“Come here, you fellows, come here! Knock me in the door! Knock me in a door here!’ He gave the size it was to be, accurately in feet and inches; and what he told them to do they did. When the door was knocked through, he walked into the house, and smiled pleasantly at the builder’s remark that the walls were just the proper height for a nice two-storied house. He walked meditatively up and down inside, the masons following him with their tools, and whenever he cried ‘here a window six feet by four; a little one yonder three feet by two,’ out flew the stones as directed.”
E.T.A Hoffman, Tales of Hoffman, Penguin Classic: May 2004, p.161
The text of E.T.A. Hoffman’s short story “Councillor Krespel” conceals a design attitude which appears to full advantage to the position of a designer in contemporary culture. Instead of knowing what he wants to build as his new house, he lets four walls without door or openings whatsoever be erected. It is from this structure that he starts addressing the masonry man where to put the door, floor, interior-walls and windows. The result is a house with a rather awkward appearance from the outside, but ‘once inside you were filled with a quite unexampled sense of wellbeing and comfort’.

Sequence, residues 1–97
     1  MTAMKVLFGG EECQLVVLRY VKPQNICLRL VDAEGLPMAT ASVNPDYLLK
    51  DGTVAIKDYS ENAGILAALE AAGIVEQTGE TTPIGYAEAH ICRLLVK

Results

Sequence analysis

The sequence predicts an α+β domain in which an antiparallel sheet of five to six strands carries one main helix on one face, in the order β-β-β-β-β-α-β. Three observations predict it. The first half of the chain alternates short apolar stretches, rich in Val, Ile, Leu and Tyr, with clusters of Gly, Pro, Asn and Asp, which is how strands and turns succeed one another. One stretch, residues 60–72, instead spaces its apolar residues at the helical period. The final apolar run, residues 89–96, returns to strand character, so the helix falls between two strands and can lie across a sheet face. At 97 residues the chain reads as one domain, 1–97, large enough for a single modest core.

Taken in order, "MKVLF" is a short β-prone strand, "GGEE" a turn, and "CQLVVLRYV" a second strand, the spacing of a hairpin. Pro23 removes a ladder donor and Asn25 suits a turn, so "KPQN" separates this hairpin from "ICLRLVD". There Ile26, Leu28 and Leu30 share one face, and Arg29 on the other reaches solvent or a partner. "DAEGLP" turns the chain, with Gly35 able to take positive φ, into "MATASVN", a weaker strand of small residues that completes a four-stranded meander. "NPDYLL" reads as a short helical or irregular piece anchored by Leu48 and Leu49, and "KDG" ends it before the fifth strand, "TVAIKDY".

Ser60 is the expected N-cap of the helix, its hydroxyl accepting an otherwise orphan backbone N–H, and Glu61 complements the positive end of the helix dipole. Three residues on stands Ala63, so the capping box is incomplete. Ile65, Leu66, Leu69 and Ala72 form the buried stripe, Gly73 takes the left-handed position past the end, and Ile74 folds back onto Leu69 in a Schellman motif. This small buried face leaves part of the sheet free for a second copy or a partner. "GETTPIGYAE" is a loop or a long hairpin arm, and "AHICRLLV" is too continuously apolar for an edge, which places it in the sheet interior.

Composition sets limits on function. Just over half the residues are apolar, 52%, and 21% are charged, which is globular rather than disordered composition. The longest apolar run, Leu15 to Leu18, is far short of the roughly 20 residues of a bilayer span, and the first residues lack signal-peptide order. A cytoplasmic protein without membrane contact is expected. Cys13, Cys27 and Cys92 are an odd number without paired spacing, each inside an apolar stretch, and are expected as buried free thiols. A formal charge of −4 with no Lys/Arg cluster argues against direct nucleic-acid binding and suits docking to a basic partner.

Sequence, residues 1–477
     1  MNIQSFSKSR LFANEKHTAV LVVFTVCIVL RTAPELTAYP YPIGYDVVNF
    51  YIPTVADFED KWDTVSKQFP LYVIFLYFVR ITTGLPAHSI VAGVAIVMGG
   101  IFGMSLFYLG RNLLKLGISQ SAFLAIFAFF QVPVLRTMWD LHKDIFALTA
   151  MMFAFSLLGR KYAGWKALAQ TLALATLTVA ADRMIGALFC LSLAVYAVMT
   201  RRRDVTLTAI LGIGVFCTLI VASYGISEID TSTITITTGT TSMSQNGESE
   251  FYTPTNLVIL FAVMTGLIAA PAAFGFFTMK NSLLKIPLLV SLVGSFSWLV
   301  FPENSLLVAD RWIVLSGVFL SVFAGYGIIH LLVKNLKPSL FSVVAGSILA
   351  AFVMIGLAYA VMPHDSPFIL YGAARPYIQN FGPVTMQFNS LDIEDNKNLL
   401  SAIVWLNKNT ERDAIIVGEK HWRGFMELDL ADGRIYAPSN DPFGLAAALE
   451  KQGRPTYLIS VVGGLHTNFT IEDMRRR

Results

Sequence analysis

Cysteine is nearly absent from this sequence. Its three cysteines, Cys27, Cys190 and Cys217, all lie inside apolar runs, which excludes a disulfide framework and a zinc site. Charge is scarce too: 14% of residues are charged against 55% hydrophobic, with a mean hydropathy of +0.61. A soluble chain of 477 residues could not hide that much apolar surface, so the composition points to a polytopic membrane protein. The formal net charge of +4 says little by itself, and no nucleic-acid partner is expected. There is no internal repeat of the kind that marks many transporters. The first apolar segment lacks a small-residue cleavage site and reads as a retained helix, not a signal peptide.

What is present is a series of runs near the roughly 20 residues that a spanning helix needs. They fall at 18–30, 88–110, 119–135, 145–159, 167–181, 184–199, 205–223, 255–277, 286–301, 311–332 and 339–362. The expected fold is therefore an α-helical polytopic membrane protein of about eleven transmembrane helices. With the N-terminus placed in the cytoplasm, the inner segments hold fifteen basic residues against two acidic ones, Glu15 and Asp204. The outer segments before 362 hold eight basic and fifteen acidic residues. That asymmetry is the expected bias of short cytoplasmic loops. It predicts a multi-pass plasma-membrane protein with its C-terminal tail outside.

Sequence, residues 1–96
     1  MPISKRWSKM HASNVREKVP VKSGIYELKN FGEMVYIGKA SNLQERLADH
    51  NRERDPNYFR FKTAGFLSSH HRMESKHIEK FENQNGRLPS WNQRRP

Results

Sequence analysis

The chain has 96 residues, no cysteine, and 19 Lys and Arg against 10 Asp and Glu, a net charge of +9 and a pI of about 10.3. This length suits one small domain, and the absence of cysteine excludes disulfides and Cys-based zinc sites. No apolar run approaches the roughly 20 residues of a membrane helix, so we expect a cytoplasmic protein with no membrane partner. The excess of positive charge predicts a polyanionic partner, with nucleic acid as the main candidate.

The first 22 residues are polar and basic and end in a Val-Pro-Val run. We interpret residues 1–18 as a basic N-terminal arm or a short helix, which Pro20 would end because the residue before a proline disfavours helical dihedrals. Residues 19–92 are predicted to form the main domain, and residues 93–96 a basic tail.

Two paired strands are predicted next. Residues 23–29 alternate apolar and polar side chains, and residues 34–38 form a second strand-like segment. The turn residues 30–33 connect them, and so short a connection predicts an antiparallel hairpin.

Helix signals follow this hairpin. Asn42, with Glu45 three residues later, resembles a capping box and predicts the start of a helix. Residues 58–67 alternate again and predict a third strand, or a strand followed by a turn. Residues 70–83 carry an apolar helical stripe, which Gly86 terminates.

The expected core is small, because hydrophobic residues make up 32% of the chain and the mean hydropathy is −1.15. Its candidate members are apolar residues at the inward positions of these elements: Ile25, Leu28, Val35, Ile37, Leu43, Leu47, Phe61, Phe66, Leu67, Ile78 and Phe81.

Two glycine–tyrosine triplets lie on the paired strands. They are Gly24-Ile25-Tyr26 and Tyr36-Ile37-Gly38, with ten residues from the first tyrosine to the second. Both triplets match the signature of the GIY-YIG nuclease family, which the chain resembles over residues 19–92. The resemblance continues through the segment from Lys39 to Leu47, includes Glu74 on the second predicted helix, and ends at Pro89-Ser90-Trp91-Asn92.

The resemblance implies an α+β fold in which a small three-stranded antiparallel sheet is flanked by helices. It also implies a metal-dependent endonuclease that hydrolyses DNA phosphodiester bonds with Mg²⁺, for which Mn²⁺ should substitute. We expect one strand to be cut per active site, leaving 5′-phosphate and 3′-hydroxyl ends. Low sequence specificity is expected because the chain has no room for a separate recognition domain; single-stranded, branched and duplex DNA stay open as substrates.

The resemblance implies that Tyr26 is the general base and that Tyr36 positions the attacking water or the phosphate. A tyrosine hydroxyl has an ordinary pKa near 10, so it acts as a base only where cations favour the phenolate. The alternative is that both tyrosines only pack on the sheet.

Councillor Krespel’s house is enveloped around the physical needs of the inhabitant; the dimension of the space, the entrance of the daylight, all derive out of the presence of the contemplator. No architect is in the position of first erecting the structure, and afterwards adapting it to the inhabitants needs. In the design phase the architect should therefore start with erecting such a structure. Like the writer who must consider the relationship between reader and narrative, the architect must consider the same relationship between the contemplator and space. Both in literature as architecture, empathy is important for the experience of the narrative or space. An experience which derives out of the constant dialogue between man’s direct environment and their memory: ‘poetically man dwells’ like Martin Heidegger proposes.
By use of literature, we as architectural designers want to research spatial experience, experience that can become visible within literature. This leads us to the main question of this thesis: What is the contribution of literature, for the development of a poetical attitude within architectural design?